I also think the forces are fine, but - I've not used many other wheels.
#3 - Gunn
Great reviews Cloleus. One point I'd like to highlight...
Quote from ColeusRattus :Again, due to the high precision of both the feedback effects and the steering input, it is a lot easier to drive clean laps without drifting. A downside is, that once your rear starts overtaking you, you can hardly avoid turning your car, as you need thrice the turning angle to countersteer effectively.

The ability to recover from a slide is partly dependant on the car setup. Although the greater turning range of the DFP does mean a greater distance (therefore time) to counter-steer effectively, you can set the car up to respond quite quickly to your counter-steering action and thus improve that aspect of your car's behaviour. Of course in motor racing some compromise is usually required to create a set that is suitable for a racer's needs. Remember too that in LFS the feel of the Force Feedback is also setup dependant. The FFB feeling can change noticeably with different sets.

Great reviews, very helpful I'm sure to many in the community. Well done sir!
Quote from Gunn :Great reviews Cloleus. One point I'd like to highlight...
The ability to recover from a slide is partly dependant on the car setup. Although the greater turning range of the DFP does mean a greater distance (therefore time) to counter-steer effectively, you can set the car up to respond quite quickly to your counter-steering action and thus improve that aspect of your car's behaviour. Of course in motor racing some compromise is usually required to create a set that is suitable for a racer's needs. Remember too that in LFS the feel of the Force Feedback is also setup dependant. The FFB feeling can change noticeably with different sets.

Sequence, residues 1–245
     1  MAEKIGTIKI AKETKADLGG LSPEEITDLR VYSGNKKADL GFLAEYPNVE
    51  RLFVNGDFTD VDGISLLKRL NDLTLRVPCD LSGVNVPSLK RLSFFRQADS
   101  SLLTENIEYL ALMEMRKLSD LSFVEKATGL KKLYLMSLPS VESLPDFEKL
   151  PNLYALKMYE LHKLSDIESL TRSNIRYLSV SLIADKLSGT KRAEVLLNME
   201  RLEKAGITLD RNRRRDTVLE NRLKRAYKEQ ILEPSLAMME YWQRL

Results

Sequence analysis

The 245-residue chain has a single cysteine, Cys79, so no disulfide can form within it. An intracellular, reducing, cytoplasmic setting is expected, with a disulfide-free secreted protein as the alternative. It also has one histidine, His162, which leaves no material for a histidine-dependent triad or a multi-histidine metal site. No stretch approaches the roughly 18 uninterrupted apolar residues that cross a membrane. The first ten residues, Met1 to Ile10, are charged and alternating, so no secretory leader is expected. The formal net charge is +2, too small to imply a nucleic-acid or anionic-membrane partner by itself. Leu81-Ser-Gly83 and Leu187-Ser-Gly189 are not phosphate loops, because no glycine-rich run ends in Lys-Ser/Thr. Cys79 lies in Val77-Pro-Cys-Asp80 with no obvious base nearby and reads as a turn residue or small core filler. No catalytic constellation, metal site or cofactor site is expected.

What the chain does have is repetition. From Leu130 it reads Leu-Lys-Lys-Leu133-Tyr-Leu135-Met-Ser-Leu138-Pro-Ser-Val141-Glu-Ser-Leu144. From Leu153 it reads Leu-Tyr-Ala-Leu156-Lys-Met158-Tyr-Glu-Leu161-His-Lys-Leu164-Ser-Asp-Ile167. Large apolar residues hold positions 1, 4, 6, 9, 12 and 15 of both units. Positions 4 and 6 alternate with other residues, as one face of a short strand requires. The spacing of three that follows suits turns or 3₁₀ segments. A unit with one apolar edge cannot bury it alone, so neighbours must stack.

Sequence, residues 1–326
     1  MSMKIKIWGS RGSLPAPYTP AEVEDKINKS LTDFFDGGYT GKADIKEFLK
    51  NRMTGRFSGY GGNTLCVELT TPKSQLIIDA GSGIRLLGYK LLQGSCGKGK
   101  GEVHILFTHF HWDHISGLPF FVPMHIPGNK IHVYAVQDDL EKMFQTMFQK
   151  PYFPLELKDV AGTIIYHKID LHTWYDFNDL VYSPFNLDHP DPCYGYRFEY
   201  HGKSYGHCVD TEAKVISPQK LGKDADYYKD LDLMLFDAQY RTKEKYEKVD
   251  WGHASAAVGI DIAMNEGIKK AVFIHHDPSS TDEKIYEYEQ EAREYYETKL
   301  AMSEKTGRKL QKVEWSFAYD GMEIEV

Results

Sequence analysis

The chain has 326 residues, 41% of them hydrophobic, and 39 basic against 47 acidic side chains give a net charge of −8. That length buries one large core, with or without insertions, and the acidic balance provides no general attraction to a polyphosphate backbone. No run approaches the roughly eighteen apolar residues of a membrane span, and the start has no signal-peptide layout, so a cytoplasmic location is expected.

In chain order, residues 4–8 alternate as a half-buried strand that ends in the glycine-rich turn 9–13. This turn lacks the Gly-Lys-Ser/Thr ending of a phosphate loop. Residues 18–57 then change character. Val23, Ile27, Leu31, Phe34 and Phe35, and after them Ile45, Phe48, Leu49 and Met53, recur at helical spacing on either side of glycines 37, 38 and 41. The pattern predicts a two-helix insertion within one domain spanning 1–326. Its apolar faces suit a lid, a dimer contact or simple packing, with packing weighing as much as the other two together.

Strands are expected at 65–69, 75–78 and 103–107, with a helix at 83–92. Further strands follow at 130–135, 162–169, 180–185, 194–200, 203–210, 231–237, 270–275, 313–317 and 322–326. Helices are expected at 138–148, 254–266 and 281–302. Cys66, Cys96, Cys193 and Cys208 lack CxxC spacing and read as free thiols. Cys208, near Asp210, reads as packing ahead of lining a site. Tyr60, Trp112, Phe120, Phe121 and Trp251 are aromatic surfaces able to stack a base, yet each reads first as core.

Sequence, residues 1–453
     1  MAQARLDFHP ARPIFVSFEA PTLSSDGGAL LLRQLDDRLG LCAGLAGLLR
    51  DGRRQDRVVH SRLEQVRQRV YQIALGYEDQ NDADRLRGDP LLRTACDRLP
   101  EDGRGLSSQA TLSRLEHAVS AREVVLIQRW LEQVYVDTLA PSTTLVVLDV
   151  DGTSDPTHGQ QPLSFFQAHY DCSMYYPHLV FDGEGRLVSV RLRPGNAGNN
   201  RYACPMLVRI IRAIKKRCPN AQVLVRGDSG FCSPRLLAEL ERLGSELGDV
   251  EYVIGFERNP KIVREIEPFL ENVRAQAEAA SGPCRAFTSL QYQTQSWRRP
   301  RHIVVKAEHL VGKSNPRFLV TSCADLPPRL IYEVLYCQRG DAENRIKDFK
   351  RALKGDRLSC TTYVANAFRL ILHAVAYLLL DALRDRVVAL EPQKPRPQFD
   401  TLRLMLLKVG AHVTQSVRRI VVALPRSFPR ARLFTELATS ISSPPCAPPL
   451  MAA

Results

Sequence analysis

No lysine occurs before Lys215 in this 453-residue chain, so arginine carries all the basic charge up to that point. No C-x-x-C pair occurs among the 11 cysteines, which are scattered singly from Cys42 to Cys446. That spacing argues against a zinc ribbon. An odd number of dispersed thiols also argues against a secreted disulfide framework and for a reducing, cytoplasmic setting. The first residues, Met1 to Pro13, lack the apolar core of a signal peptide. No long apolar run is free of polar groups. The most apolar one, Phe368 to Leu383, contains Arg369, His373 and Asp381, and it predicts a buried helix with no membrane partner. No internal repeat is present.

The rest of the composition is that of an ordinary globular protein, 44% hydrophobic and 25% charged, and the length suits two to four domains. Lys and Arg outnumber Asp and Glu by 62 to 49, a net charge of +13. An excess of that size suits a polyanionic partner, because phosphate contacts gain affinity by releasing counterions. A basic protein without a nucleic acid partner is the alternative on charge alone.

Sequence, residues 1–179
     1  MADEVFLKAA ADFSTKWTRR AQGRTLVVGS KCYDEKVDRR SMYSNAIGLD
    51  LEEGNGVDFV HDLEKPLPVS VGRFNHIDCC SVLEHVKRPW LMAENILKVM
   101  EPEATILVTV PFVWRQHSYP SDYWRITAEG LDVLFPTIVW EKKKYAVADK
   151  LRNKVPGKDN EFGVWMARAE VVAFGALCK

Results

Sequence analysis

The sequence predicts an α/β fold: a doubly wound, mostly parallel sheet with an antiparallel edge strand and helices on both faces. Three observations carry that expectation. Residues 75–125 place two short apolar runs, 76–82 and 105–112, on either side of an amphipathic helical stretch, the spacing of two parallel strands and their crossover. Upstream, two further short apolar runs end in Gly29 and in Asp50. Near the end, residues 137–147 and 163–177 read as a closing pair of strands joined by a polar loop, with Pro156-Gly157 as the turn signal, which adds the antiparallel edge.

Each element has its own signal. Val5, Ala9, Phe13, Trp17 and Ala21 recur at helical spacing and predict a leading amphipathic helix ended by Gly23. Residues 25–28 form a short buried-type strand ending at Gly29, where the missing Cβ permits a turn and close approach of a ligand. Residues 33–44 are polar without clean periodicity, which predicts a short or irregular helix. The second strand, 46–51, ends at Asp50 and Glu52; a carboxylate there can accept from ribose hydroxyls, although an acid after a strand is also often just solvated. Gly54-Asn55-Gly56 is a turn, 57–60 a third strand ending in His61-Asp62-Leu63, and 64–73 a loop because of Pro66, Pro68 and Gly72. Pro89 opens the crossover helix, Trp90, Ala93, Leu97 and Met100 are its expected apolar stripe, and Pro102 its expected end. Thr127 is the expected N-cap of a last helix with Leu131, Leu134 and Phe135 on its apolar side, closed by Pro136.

Great reviews, very helpful I'm sure to many in the community. Well done sir!

Thx

The part about setups I do infact know, I just compared it with the MSFF wheel using the very same (racing_1) setup. But you're right, I should've mentioned it.

And now, start posting reviews/game experiences too, as I am sure, people use other wheels and games too
Quote from ColeusRattus :Thx

The part about setups I do infact know, I just compared it with the MSFF wheel using the very same (racing_1) setup. But you're right, I should've mentioned it.

And now, start posting reviews/game experiences too, as I am sure, people use other wheels and games too